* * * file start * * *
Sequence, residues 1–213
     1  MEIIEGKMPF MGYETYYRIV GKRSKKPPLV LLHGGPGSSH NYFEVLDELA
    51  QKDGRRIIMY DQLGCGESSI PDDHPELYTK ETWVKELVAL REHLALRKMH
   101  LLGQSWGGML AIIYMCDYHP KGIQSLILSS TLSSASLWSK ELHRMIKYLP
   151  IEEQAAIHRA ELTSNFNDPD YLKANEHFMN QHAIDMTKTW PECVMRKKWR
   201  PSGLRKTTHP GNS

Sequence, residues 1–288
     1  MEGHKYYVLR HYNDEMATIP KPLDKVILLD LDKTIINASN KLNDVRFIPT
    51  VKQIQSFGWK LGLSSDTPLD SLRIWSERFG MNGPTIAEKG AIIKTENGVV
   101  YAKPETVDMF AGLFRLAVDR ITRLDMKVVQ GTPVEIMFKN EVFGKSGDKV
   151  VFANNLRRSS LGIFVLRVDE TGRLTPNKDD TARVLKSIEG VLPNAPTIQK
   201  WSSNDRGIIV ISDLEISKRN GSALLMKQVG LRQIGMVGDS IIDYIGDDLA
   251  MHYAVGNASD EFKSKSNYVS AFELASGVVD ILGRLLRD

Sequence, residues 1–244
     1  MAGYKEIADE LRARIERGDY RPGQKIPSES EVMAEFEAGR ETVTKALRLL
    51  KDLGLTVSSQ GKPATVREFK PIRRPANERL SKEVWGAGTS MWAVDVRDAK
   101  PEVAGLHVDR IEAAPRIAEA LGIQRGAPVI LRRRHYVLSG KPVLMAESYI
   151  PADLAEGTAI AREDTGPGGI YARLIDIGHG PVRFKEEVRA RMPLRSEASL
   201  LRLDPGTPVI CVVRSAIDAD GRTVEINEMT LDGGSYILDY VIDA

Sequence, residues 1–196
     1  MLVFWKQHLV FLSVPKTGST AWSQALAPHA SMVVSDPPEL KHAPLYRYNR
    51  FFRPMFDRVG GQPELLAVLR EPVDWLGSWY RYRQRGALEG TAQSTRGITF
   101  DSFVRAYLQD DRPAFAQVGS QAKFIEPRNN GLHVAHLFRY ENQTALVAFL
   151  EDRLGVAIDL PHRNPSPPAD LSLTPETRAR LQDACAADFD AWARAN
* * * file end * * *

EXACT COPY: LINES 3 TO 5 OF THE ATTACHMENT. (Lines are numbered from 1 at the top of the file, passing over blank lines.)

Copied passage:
    51  QKDGRRIIMY DQLGCGESSI PDDHPELYTK ETWVKELVAL REHLALRKMH
   101  LLGQSWGGML AIIYMCDYHP KGIQSLILSS TLSSASLWSK ELHRMIKYLP
   151  IEEQAAIHRA ELTSNFNDPD YLKANEHFMN QHAIDMTKTW PECVMRKKWR